* * *
His path to the monastery had not been easy. Half human, half orc, a civilized father and a barbaric mother, no part of his life had ever been easy. Constantly tormented at the prohibitively expensive school his father paid for, Davor never managed to grow a thick skin. Teased and tortured, he fought back brutally and often, returning insults with kicks and blows with swift punches, but they ganged up on him, holding him as others beat him only to run to the headmaster when he managed to land a solid blow. Davor spent many days scrubbing floors, often cleaning his own blood off them, and eventually their patience ran thin and his father's money was no longer enough. His education finished, his father gave him no choice: it was time to live with his mother. If he was going to act like an orc, he may as well join them. His father escorted him to the tribe and, after spending enough alone time with his mother to make a pair of younger sisters, abandoned him to his fate.
What made him a violent and dangerous boy in school was laughed off among the violent and chaotic Black Suns. orcs his age had been learning the blade since they were old enough to walk, and no matter how he tried, Davor was utterly unable to gain any ability with them. He often resorted to using the butt of the sword, or cutting in close and landing blows with feet, elbows, or knees, a strategy his new peers saw as worse than worthless on a blood-soaked battlefield. Still, he was quick and smart, and often found himself leading and directing, guiding combats in the battle games they played; more often than not finding victory through quick wits and sharp tactics. Davor somehow managed to earn the grudging respect of his clanmates.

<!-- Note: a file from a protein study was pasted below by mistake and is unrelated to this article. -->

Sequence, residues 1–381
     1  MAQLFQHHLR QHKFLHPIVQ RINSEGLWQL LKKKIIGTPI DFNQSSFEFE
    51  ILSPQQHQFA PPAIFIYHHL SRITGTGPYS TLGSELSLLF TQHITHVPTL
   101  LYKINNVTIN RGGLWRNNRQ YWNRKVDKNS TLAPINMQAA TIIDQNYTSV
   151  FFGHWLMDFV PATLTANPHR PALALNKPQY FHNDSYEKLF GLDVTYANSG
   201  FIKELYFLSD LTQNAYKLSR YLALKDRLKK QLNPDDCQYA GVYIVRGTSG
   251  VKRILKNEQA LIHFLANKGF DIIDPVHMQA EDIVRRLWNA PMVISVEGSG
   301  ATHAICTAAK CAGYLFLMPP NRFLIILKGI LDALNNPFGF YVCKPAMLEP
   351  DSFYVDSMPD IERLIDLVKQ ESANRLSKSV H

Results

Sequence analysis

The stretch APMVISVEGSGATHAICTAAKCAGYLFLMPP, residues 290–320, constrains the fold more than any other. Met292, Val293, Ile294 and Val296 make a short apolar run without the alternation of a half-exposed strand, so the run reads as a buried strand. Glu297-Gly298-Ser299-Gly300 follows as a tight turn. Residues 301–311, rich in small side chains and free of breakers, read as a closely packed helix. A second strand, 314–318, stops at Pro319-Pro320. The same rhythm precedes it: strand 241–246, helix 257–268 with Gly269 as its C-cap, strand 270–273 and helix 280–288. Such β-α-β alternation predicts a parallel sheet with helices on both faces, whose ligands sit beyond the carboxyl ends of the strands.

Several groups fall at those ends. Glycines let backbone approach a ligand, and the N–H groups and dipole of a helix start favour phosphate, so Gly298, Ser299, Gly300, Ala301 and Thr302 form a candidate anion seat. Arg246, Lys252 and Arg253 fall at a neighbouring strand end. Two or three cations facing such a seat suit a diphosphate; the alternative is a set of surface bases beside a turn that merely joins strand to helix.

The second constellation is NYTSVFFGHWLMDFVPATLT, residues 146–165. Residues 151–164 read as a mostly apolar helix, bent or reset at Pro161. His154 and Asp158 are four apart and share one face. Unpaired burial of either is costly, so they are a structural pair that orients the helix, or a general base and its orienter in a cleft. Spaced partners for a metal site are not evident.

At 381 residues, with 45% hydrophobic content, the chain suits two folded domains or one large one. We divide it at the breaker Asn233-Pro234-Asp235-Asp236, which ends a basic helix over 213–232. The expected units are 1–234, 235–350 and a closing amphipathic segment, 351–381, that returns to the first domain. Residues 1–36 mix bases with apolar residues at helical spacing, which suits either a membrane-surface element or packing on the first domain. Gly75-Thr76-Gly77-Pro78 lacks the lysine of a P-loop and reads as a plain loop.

Until the time came to raid a human town.
* * *
Bitter cold had settled into his limbs again, and Davor knew he had to find warmth or die in the storm. Unable to muster the inner flame his masters had spoken of, he stood up stiffly instead. Slowly at first and then faster and faster, Davor began to move through the semi-ritualistic patterns and movements he had been taught. The dance of combat was no joke, and his blood began to flow, thawing from his long meditation. As he danced, flowing from one form to the next, Davor continued to consider his past. Anger bubbled up, but Davor knew that if he surrendered to it he surrendered everything he had worked for, and all was lost. Only through creating true inner peace could he survive this storm. The masters had made that perfectly clear. The motions helped, but Davor knew he was only buying time, that this was a short reprieve. Warmed, he continued the dance, allowing his body to continue to flow as his mind cast back to remember the first raid.